Calendula Flower - Edible Office, Flickr 4671249486_3a8a824d9b_o

Botanical Name: Calendula officinalis

There are over fifteen species of Calendula and the most commonly used one is Calendula officinalis, also known as pot marigold. It produces flowers that bloom a vibrant orange or golden color. Calendula is an edible flower that is tasty in salads and can be used as a colorant too. Yes, you can eat it like you would dandelion greens.

Part of Plant Used: petals

Aroma: herbal/floral

Why It’s Wonderful: Calendula is generally used on the skin and has been used notably because of its perceived ability to reduce skin irritations and promote skin repair – burns, cuts, bruises and dermatitis, etc. It is believed to help soothe and calm the skin.

Action/Purpose: antiseptic, anti-inflammatory, astringent, velnerary (wound healing),

Senica products containing calendula: Blemish Balm

Learn More about the Blemish Balm Collection

Do you use calendula? If so, how? Share in the comments below.

Scientific Studies & Other Readings on Calendula:

National Institute of Health, U.S. Library of of Medicine; MedLine Plus: Calendula

Calendula Flower Profile – Mountain Rose Herbs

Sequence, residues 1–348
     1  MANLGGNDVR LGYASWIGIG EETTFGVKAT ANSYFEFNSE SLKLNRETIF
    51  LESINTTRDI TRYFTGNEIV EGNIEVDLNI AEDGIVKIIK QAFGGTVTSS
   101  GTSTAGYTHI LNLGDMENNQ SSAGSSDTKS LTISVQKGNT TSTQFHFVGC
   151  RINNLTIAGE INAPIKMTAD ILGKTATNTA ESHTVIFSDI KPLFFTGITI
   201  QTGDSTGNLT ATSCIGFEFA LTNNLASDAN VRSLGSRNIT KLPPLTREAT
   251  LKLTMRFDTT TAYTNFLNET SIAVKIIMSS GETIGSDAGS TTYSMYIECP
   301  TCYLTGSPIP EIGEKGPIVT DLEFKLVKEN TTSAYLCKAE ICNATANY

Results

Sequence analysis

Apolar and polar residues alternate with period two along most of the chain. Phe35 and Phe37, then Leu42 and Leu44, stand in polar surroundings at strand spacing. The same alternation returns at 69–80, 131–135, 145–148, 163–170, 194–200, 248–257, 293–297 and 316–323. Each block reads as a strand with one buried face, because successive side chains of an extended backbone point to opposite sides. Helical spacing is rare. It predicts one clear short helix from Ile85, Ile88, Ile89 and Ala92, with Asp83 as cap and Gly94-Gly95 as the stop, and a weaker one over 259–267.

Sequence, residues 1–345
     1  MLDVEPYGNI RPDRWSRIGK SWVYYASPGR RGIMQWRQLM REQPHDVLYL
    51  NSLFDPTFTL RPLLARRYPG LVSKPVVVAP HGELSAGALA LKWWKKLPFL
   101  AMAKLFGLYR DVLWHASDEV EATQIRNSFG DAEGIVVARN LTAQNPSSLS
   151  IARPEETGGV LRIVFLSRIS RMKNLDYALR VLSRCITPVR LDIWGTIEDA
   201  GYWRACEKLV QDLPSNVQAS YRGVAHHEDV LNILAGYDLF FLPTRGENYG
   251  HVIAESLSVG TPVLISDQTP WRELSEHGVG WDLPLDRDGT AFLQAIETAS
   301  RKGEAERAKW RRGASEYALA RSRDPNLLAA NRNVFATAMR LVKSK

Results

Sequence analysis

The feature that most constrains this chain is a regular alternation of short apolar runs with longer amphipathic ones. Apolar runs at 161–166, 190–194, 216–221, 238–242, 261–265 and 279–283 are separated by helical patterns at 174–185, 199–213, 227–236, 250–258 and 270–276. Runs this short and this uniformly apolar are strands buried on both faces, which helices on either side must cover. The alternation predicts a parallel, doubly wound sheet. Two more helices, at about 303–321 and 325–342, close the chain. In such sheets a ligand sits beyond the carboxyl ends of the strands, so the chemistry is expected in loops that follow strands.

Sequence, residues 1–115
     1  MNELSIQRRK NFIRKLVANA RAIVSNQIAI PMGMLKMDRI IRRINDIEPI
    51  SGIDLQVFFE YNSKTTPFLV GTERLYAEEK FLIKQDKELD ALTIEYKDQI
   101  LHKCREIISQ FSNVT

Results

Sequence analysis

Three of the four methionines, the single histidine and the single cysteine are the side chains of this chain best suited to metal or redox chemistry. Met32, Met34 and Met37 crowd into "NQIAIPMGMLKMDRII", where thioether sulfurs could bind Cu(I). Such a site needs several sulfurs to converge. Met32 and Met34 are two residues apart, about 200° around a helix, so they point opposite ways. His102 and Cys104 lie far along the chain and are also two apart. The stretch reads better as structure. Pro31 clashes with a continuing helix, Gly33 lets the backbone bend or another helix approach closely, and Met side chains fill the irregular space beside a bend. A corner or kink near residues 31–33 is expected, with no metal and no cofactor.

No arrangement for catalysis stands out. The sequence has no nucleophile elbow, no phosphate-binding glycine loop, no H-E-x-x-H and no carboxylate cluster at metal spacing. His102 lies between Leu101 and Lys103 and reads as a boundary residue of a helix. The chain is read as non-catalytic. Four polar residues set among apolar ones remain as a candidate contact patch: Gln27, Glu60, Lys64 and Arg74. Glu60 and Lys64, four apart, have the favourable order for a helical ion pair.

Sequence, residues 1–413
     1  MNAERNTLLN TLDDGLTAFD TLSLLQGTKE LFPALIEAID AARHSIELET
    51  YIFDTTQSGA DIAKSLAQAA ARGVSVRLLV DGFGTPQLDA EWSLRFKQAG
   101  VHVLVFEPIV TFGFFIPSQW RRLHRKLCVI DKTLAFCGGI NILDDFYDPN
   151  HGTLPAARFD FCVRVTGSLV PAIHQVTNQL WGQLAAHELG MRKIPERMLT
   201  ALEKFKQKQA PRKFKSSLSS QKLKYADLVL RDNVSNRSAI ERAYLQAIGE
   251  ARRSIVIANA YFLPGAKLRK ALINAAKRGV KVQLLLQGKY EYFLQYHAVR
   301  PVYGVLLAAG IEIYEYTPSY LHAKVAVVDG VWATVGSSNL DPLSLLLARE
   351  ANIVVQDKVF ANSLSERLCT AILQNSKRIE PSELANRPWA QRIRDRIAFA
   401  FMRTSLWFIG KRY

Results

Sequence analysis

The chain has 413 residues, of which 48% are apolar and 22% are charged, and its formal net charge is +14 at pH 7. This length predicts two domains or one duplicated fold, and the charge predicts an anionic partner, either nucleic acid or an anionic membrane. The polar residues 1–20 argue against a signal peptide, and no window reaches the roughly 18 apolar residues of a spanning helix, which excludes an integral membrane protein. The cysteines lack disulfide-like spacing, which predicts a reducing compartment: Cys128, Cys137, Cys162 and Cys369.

Della Loggia R. and et al. Topical anti-inflammatory activity of Calendula officinalis extracts. Planta Med 1990;56:658

Akhtar N, Zaman SU, Khan BA, Amir MN, Ebrahimzadeh MA. Calendula extract: effects on mechanical parameters of human skin. Acta Pol Pharm. 2011;68(5):693-701.

Panahi Y, Sharif MR, Sharif A, et al. A randomized comparative trial on the therapeutic efficacy of topical aloe vera and Calendula officinalis on diaper dermatitis in children. Scientific World Journal. 2012;2012:810234.

Saini P, Al-Shibani N, Sun J, et al. Effects of Calendula officinalis on human gingival fibroblasts. Homeopathy. 2012;101(2):92-8.

Calendula Ingredient Spotlight Square

Photo Source: Edible Office, Flickr

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